For their part,[18] petitioner and Lim maintained that respondent was validly dismissed for gross misconduct, as: (a) she was caught sitting down during office hours; and (b) she insulted and uttered offensive language towards her superior, Banayad.[19] They further pointed out that they sent respondent various memoranda regarding the incident, but the latter refused to receive the same. Thus, they were constrained to terminate her employment.[20]

The Labor Arbiter's Ruling

In a Decision[21] dated September 17, 2012, the Labor Arbiter (LA) ruled in favor of respondent, and accordingly, ordered petitioner and Lim to pay her separation pay with full backwages in the total amount of P167,324.29.[22]

The LA found that while respondent may have indeed committed acts of misconduct, the same were not willful and intentional in character. The LA added that there was no wrongful intent, but a mere spur of the moment incident prompted by a simple miscommunication among workmates.[23] As such, the penalty meted on respondent, i.e., dismissal, was not commensurate to the offense charged against her.[24]

Aggrieved, petitioner and Lim appealed[25] to the NLRC.

The NLRC Ruling

Initially, the NLRC issued a Resolution[26] dated January 31, 2013 dismissing the appeal on technical grounds. Upon reconsideration, however, the NLRC promulgated a Decision[27] dated August 30, 2013 modifying the LA ruling by deleting the award of separation pay and backwages, and in lieu thereof, ordered respondent's reinstatement to her former position without loss of seniority rights.[28]

The NLRC agreed with the LA's finding that while respondent indeed committed an act of misconduct, the same was not of a serious and grave character so as to warrant respondent's dismissal for a just cause.[29] However, the NLRC found it appropriate to delete the award of backwages in respondent's favor, opining that this is a commensurate penalty for the latter's act of professional misconduct.[30]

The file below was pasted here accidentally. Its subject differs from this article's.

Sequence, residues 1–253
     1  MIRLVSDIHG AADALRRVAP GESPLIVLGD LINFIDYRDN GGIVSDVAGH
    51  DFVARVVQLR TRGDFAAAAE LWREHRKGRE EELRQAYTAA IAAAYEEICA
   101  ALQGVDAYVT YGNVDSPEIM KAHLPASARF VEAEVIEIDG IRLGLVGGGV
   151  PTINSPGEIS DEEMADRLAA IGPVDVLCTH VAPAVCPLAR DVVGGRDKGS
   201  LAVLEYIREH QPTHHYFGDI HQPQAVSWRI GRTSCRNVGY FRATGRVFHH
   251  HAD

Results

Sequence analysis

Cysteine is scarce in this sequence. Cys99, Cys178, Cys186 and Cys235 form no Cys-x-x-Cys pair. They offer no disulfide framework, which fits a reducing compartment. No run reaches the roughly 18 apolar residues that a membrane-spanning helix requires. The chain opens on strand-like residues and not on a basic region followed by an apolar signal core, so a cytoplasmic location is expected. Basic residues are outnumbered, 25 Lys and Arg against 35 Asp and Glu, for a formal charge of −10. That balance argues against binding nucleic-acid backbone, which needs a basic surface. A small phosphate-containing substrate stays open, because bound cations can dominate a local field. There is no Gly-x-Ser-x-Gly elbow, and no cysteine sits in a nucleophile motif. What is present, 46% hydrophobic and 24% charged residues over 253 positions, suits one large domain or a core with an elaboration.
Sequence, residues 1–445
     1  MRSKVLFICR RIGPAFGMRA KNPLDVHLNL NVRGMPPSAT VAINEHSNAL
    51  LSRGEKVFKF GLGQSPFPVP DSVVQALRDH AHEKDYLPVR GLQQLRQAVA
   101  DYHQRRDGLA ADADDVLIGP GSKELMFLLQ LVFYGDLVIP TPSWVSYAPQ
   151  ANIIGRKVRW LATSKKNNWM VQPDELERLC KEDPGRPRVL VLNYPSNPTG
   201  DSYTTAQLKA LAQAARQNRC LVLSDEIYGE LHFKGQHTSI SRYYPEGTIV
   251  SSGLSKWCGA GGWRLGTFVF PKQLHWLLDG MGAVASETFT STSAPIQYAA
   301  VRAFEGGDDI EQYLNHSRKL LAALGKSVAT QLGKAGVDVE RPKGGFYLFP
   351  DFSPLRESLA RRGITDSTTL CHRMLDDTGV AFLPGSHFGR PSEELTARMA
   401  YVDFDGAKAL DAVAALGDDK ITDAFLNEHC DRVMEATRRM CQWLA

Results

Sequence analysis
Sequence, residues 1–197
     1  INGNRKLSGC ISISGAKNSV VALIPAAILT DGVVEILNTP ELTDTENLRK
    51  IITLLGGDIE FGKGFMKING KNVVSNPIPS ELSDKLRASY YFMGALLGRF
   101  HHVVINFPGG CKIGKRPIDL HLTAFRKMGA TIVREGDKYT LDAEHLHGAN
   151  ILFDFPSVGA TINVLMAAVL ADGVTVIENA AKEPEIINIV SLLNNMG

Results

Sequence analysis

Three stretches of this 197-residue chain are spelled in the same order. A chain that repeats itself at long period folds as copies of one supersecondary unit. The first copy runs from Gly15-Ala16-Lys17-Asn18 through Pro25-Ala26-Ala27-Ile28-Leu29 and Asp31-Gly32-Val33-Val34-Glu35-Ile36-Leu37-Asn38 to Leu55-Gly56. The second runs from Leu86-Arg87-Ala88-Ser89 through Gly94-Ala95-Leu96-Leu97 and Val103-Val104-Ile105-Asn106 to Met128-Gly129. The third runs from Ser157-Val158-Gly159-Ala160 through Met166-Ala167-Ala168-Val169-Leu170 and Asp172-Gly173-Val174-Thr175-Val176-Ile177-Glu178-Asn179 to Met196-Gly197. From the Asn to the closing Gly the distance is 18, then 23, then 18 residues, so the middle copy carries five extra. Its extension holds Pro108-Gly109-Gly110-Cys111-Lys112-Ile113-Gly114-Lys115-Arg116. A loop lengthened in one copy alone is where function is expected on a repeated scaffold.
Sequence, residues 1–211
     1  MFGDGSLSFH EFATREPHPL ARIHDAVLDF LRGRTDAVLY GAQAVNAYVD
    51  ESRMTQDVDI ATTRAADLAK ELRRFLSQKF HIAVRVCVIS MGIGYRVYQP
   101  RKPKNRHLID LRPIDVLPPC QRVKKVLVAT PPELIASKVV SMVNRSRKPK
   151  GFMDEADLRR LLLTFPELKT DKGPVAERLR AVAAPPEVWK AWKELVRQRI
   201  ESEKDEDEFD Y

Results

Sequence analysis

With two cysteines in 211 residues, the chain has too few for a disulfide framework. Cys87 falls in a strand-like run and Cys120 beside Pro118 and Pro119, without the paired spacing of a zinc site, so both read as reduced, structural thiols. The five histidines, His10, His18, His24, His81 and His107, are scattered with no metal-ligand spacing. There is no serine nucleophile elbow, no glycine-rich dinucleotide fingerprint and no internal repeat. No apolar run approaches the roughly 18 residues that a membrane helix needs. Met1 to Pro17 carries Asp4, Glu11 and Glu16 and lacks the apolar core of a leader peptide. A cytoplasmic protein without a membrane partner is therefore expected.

Both parties moved for reconsideration,[31] which were, however, denied in a Resolution[32] dated November 29, 2013. Dissatisfied, they elevated the matter to the CA via their respective petitions for certiorari.[33]

The CA Ruling

In a Decision[34] dated September 14, 2015, the CA reinstated the LA ruling with modifications: (a) ordering petitioner to pay respondent backwages from the time she was illegally dismissed until finality of the ruling less her salary for fifteen (15) days corresponding to her suspension, and separation pay computed from the time respondent was hired until finality of the decision, plus legal interest of six percent (6%) per annum from finality of the decision until fully paid; (b) absolving Lim from any personal liability arising from respondent's illegal dismissal; and (c) ordering the LA to make a recomputation of the total monetary benefits awarded and due respondent.[35]

Agreeing with the findings of the labor tribunals a quo, the CA held that respondent's acts did not amount to gross misconduct that would have justified her termination from work.[36] In this regard, it found that the NLRC gravely abused its discretion in deleting the award of backwages, pointing out that respondent was already suspended for three (3) days for her misconduct, and thus, a second disciplinary proceeding, which resulted in her dismissal, as well as the consequent filing of the instant case, was no longer warranted.[37] Nonetheless, the CA opined that respondent's infraction was minor, for which a fifteen (15)-day suspension would have sufficed.[38]